Thursday, 15 November 2018

Man or woman: Thinking in Categories or thinking of Beings

I find a basic unsatisfactoriness in the usual way of thinking using categories - for example the debate whether each man has a body and soul; a body, soul and spirit - or just a body. For me, the argument bogs-down on what changes, what stays the same - what happens over time.

What happens over time seems (since the earliest records of Ancient Greeks) to be the problem with all categories - the reason for developing them, and the reason why they so seldom 'work'. It is, indeed, the basic problem of the philosophical tradition - how to talk-about anything (in a philosophical way) without getting into difficulties about change and not-change.

I think the problem comes-from the very roots of denying what is obvious to pre-conscious children - that this reality is one of Beings; and Beings are real in a context of time. What makes a Being is something to do with 'development'/ growth/ life.... we don't have a single category that works properly because of the problem with categories.

But if we start with Beings, and stick with Beings; we realise that the inadequacy of categories is precisely that they do not include this basic experience of entities that both remain themselves and also change through time.

It isn't a mystery or a paradox; not is it a logical problem - that is what Beings are. A Being may even metamorphose unrecognisably - caterpillar to pupa to butterfly - while remaining the same Being. A Being may exchange all of its molecules while remaining the same Being. This is built-in knowledge - and the problem only arises from trying to fit it into time-less categories.

The same with individuality... Something about modern thought pushes people into categories; and then these categories lead to further problems because they have blurred boundaries, they overlap, they change, they are perspectival... yet we don't spontaneously have a problem with individual people, once we get to know them - we regard each as a Being, and don't expect Beings to fall into categories.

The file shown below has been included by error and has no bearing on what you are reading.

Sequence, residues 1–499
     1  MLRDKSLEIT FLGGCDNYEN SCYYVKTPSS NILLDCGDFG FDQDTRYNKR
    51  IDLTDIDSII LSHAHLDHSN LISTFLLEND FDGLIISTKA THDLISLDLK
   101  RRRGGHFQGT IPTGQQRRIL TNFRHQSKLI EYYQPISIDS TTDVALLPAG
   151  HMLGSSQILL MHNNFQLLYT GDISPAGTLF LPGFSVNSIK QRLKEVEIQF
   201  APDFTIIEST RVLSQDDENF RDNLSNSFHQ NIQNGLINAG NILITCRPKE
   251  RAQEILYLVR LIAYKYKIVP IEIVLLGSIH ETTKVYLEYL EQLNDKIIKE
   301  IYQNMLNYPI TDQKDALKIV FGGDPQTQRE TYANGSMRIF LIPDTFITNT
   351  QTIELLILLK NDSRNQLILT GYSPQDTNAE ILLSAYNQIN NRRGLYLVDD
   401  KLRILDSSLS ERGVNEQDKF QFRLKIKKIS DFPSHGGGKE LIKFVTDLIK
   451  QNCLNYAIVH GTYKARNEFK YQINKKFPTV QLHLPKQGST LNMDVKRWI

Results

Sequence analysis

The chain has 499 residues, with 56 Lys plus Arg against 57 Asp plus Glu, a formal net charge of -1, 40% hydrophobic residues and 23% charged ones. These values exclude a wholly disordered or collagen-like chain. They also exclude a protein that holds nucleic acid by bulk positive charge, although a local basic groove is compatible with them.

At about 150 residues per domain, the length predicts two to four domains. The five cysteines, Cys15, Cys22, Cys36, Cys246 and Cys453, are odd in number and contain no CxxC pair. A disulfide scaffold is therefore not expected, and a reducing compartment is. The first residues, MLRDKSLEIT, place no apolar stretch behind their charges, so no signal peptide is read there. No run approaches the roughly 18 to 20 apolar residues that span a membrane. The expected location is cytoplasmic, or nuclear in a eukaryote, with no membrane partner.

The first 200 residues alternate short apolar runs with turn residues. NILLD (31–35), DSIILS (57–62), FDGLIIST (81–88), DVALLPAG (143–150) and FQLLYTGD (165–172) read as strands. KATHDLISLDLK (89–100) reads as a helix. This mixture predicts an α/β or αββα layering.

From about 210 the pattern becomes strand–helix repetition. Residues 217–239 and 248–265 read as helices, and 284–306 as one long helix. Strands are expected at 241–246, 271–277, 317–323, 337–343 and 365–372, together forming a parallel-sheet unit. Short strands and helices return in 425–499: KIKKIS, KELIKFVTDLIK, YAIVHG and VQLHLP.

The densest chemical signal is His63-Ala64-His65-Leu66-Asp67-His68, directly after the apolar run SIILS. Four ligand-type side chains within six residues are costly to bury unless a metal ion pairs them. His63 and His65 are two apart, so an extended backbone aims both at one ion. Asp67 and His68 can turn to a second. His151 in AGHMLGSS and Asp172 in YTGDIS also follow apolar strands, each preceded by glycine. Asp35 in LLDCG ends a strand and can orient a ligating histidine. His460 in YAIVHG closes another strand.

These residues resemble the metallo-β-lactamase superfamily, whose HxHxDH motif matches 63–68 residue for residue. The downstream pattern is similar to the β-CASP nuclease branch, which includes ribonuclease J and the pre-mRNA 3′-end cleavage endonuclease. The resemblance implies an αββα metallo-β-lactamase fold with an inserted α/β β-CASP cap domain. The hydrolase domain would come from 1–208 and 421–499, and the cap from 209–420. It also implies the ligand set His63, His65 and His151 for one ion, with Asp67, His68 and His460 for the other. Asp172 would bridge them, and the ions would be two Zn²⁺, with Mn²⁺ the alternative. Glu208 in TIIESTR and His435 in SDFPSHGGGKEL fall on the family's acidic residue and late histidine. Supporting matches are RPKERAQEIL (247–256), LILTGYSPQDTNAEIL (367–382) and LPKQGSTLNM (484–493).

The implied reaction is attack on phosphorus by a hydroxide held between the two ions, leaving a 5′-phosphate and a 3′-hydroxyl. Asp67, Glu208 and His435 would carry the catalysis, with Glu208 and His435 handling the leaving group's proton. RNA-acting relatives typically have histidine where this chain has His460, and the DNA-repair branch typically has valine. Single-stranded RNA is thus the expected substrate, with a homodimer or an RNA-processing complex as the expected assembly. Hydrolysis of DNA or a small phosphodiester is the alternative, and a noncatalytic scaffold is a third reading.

As an example... What about sex, man and woman?

Well, we recognise that invididual human Beings are either a man or a woman; but we don't spontaneously create categories of men or women by using definitions, into-which each Being must be put... Man or woman is something that each person is - the beings neither derive-from nor are allocated-to categories.

And because Beings include time, then we don't expect a being to change from man to woman or woman to man; and if they appear to do so, then we may be confused about which they really are - but not about the fact that their state of Being is (if only we knew) one or the other.

The knowledge comes to us not in the form 'there are two categories that all humans must fall into, either man or woman' - but that we know many individual people, and each is either a man or a woman; or else we aren't sure which - but would prefer to know (if we want to deal with them).

We begin with Beings - and I believe that we should end with Beings, as the basis of our understanding of reality. That will means dealing with individuals, not categories - and as such, many of the intractable 'problems of philosophy' (and of Christian theology) simply dissolve. (Including the [pseudo-] problem of the Trinity.)

There remain the problems of living; but the problems of philosophy that have tormented thinkers of about 2500 years are seen as illusory; although, probably, struggling with them was valuable and perhaps necessary.

We began by unconsciously accepting the reality of a world of Beings; our task now is to choose to accept that this world really-is of-Beings.